The government on Thursday told the Supreme Court that once a bureaucrat is given a vigilance nod for appointment as secretary, no further clearance is required for empanelment for appointment as the central vigilance commissioner.
"Once a person is appointed as secretary on clearance by the CVC, he can be considered for empanelment and no further inquiry is required," Attorney General G E Vahanvati submitted before a bench headed by Chief Justice S H Kapadia.
Vahanvati made the submission while responding to various questions by the bench, which also sought his view on the criteria of impeccable integrity required for appointment as the central vigilance commissioner.
"Impeccable integrity is an important requirement," Vahanvati said, responding to queries from the bench. But as the bench asked, "Does it apply to all cases where there is a stigma of charge-sheet", the attorney general said, "This is a grey area."
The law officer contended that filing of the charge-sheet is not a stigma when the bench posed a question. The court wanted to know if a bureaucrat, accorded vigilance clearance for appointment as secretary, does not require any further examination for appointment for posts above that of the secretary.
During the hearing, advocate Prashant Bhushan, appearing for the Centre for Public Interest litigation, which has moved court challenging the appointment of P J Thomas as CVC, said various factors about the Palmolein import case were not before the CVC when it gave vigilance clearance to Thomas.
The CVC had not taken into account the charge-sheet pending against him, he claimed, adding the issue of sanction for his prosecution by the state government was not brought before the anti-corruption watchdog.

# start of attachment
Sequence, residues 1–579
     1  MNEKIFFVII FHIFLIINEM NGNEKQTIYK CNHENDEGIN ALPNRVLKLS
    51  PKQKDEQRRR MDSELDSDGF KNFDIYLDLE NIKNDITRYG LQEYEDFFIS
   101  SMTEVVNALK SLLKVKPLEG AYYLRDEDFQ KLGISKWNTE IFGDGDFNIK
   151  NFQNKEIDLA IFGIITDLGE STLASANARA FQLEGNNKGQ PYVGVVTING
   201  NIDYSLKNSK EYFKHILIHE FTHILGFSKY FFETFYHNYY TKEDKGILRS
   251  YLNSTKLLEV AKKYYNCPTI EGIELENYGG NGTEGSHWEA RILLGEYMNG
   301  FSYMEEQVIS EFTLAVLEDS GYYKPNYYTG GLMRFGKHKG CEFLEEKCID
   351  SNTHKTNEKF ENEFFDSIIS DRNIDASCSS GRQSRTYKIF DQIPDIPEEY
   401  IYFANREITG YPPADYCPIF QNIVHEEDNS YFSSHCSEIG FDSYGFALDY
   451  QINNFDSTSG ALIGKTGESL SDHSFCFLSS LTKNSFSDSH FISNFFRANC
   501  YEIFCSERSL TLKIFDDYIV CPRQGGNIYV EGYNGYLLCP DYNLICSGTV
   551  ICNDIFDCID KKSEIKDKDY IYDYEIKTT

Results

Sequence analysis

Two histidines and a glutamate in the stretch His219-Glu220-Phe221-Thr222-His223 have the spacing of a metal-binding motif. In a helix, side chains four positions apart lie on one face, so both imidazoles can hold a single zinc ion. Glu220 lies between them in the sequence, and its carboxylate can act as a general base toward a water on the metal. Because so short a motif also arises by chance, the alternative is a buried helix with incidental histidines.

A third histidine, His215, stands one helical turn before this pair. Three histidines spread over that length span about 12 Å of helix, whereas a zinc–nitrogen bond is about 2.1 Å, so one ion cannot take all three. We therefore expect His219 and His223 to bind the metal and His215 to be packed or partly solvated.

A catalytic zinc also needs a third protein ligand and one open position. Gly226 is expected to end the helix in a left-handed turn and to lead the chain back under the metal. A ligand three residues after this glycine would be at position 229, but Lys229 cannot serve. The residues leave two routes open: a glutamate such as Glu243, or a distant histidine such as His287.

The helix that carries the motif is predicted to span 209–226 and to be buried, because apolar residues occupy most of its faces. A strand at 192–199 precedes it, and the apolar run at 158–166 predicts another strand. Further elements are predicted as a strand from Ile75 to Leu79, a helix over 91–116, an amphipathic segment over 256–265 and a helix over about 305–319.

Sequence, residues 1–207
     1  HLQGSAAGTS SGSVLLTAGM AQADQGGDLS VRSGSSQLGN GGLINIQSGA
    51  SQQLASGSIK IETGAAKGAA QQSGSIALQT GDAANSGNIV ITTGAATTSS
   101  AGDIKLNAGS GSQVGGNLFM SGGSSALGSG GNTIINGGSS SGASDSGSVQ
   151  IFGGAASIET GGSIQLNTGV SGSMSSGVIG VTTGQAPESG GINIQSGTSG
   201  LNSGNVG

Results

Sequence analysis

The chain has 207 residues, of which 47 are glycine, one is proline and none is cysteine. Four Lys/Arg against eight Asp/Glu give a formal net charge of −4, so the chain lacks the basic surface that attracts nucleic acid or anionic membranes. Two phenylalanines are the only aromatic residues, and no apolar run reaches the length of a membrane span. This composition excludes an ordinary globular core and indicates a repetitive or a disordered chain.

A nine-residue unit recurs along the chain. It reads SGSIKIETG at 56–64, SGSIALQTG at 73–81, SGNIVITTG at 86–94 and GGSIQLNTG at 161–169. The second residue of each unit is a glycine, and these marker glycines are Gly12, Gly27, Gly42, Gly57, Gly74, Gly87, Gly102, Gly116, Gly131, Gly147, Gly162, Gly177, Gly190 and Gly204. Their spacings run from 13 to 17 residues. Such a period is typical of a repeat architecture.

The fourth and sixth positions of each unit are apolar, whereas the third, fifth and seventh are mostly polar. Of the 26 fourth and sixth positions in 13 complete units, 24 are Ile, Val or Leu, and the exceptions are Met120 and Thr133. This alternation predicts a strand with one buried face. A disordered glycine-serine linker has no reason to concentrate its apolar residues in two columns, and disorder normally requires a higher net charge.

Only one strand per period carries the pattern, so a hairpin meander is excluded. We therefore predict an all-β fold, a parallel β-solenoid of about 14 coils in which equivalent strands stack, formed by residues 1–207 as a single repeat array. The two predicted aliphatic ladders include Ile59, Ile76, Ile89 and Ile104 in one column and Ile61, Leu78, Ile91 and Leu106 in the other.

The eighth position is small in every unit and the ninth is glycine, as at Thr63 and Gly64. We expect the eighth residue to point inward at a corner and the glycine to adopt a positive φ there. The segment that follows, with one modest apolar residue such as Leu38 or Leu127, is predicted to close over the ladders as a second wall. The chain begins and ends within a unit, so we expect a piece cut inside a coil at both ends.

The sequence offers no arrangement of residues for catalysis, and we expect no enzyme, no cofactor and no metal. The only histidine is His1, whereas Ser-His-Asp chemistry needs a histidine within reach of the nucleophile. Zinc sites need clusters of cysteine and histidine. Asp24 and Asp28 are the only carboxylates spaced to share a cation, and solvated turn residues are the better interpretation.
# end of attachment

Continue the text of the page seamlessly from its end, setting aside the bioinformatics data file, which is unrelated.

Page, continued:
The case diary was also not brought before the CVC, he said, contending that the report of the committee of public undertaking in Kerala was also not presented before it.
"The CVC gave clearance to Thomas only on the basis of the note placed before it by the department of personnel and training," he said.
"The CVC cannot be the final authority," the bench said, stressing that the appointment has to be in accordance with the Vineet Narain judgment which makes it clear that the CVC has to remain independent, impartial, free and fair and uninfluenced by political executives.
Vahanvati said the criterion of an outstanding person with impeccable integrity has to be taken undoubtedly into consideration for appointment as CVC. The bench, however, said, that in the given case, the issue of charge-sheet and sanction for prosecution of Thomas were not considered by the personnel and training ministry and others.
The bench wanted to know if the material facts were not considered, then what would be the position. Vahanvati also said that the vigilance clearance given by the CVC to Thomas in 2007 was not challenged by anyone.
"Nobody ever challenged what CVC said. All these facts were placed before him," he said.
He said there was a detailed office memo in 2005 dealing with the case in which the state government had said that the whole case has to be withdrawn. While Vahanvati was making the submission, the bench asked if the CVC can say that there is no merit in a case pending before the high court when a charge-sheet too has been filed in it. Totality of the circumstances has to be considered in the case, the bench said.
At this, the attorney general said, "All sorts of allegations are being levelled."
This prompted the bench to remark, "That is why we are not going on the merits of the case but only examining it on the law."
The court also wanted to know if the CVC report on Thomas was placed before the committee headed by the prime minister, which went into the selection of CVC. The attorney general said it was never placed before the committee.
"It is not required to be placed once empanelment is given. Once there is a CVC clearance and empanelment, it is difficult to hold another enquiry," he said.
At this point, senior advocate K K Venugopal submitted that Thomas has never gone to court about the case.